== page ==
Talcum Powder Lawsuits Settled for $700 Million

Talcum Powder Lawsuits Settled for $700 Million

(HealthDay News) — Johnson & Johnson will pay $700 million to settle claims from 42 states and the District of Columbia that the company continued to market its talcum powder products even as evidence tied them to a heightened risk for cancer.

J&J did not admit to any wrongdoing in settling with the states, which were led by Florida, Texas and North Carolina.

“We have reached a landmark settlement with Johnson & Johnson ensuring that the company will abide by the law and take effective steps to protect consumers from potentially hazardous ingredients,” Texas Attorney General Ken Paxton said in a statement released Tuesday. “I’m proud to lead this coalition of 43 attorneys general to stand up for consumers’ health and truth in marketing.”

As part of the settlement, which still needs judicial approval, the company has stopped making, promoting and selling all of its products that contain talcum powder. That includes Johnson’s Baby Powder and Johnson & Johnson’s Shower to Shower. J&J will make four settlement payments, starting at the end of July, according to the settlement.

“This is a major advancement for consumer product safety, as Johnson & Johnson has stopped the manufacturing and marketing of products containing talc powder — which may be linked to serious health issues, including cancer,” Florida Attorney General Ashley Moody said in a statement.

“Companies cannot deceive people about the safety of the products they are selling,” North Carolina Attorney General Josh Stein said in a statement. “People need to have accurate information so they can buy the right products for their health.”

J&J stopped selling talcum-based baby powder globally last year, switching to corn starch as the main ingredient. The company still faces tens of thousands of talc lawsuits, and a class action lawsuit accuses company of hiding the dangers of talcum powder from shareholders, Reuters reported.

As of March 31, more than 61,000 were still suing J&J over talcum powder products. Most are women with ovarian cancer, while a smaller number had mesothelioma, a type of cancer linked to asbestos exposure, Reuters reported.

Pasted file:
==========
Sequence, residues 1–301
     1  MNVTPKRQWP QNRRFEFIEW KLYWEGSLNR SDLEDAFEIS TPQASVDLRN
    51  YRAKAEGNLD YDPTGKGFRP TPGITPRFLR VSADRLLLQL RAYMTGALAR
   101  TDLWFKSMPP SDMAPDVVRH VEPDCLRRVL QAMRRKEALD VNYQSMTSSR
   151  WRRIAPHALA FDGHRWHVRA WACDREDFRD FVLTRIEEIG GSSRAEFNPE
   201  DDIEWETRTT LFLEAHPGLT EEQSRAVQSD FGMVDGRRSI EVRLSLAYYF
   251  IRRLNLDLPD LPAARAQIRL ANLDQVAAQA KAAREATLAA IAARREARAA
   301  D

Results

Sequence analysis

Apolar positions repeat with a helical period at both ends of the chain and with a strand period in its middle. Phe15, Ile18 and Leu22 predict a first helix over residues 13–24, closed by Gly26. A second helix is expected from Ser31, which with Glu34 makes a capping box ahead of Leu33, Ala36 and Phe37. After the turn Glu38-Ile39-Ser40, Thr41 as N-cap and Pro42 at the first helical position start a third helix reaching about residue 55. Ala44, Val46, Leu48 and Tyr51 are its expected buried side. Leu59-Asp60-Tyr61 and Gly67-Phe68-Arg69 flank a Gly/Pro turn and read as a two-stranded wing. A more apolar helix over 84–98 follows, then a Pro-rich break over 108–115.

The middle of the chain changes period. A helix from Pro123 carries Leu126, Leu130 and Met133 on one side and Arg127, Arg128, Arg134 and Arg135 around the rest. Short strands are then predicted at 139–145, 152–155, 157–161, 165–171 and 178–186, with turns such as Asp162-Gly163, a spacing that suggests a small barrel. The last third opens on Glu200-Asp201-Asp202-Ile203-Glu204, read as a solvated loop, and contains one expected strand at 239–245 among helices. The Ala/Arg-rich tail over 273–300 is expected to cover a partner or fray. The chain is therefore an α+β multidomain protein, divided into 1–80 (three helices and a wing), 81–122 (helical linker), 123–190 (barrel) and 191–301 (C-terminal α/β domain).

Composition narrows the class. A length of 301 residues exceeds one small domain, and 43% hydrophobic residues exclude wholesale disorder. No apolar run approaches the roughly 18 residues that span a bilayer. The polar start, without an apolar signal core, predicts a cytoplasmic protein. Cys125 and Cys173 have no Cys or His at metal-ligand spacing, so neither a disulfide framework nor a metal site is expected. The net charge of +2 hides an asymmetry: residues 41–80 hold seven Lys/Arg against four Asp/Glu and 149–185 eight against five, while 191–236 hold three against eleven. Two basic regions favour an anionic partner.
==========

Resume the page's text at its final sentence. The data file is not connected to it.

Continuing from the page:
On May 1, J&J proposed a $6.48 billion settlement to resolve most of the litigation through a third bankruptcy filing. It has set aside an $11 billion reserve to cover all talc liabilities, Reuters reported.

“The company continues to pursue several paths to achieve a comprehensive and final resolution of the talc litigation,” Erik Haas, J&J’s worldwide vice president of litigation, said in a statement.

Why is talcum powder dangerous?

Talc, a mineral commonly found in baby powder and cosmetics, has come under scrutiny for potential health concerns.

Research suggests a possible association between genital talc use and ovarian cancer, particularly in postmenopausal women. The concern lies in talc particles migrating through the reproductive system, though the exact mechanism is unclear. Some studies show no clear connection.

When applied genitally, talc may travel through the vagina, cervix, and uterus, reaching the ovaries. This theory suggests talc particles could irritate ovarian tissue, leading to chronic inflammation, a risk factor for some cancers.

Studies have yielded mixed results. Some research, like a 1982 study by Dr. Dwight Cramer, observed a connection between genital talc use and increased ovarian cancer risk.

The American Cancer Society acknowledges the research on talc and ovarian cancer but emphasizes the inconclusive nature of the evidence. Factors like study design and difficulty in controlling for all variables make it challenging to establish a clear cause-and-effect relationship.

The research is ongoing, and more studies are needed to solidify the connection. Not all talcum powder is created equal. Contamination with asbestos, a known carcinogen, was a historical concern. However, some manufacturers ensure their products are asbestos-free.

More information

The Ovarian Cancer Research Alliance has more on talcum powder and cancer.

SOURCE: Florida Attorney General, news release, June 12, 2024; Texas Attorney General, news release, June 12, 2024; North Carolina Attorney General, news release, June 12, 2024; Reuters

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